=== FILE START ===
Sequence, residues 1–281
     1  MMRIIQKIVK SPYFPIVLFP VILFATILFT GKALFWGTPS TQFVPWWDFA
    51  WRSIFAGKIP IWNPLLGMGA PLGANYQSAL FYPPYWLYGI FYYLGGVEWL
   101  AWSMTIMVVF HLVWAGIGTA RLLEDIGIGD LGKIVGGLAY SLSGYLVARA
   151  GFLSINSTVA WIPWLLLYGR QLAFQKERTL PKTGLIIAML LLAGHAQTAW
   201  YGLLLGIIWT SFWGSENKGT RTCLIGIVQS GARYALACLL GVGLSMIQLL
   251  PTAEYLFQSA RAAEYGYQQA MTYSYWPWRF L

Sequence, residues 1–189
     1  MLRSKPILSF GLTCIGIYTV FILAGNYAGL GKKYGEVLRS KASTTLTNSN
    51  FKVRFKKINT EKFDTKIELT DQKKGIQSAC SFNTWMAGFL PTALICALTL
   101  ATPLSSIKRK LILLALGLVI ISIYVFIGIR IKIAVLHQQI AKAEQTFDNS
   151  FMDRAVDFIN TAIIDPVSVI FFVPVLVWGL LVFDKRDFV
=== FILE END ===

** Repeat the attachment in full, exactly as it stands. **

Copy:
Sequence, residues 1–281
     1  MMRIIQKIVK SPYFPIVLFP VILFATILFT GKALFWGTPS TQFVPWWDFA
    51  WRSIFAGKIP IWNPLLGMGA PLGANYQSAL FYPPYWLYGI FYYLGGVEWL
   101  AWSMTIMVVF HLVWAGIGTA RLLEDIGIGD LGKIVGGLAY SLSGYLVARA
   151  GFLSINSTVA WIPWLLLYGR QLAFQKERTL PKTGLIIAML LLAGHAQTAW
   201  YGLLLGIIWT SFWGSENKGT RTCLIGIVQS GARYALACLL GVGLSMIQLL
   251  PTAEYLFQSA RAAEYGYQQA MTYSYWPWRF L

Sequence, residues 1–189
     1  MLRSKPILSF GLTCIGIYTV FILAGNYAGL GKKYGEVLRS KASTTLTNSN
    51  FKVRFKKINT EKFDTKIELT DQKKGIQSAC SFNTWMAGFL PTALICALTL
   101  ATPLSSIKRK LILLALGLVI ISIYVFIGIR IKIAVLHQQI AKAEQTFDNS
   151  FMDRAVDFIN TAIIDPVSVI FFVPVLVWGL LVFDKRDFV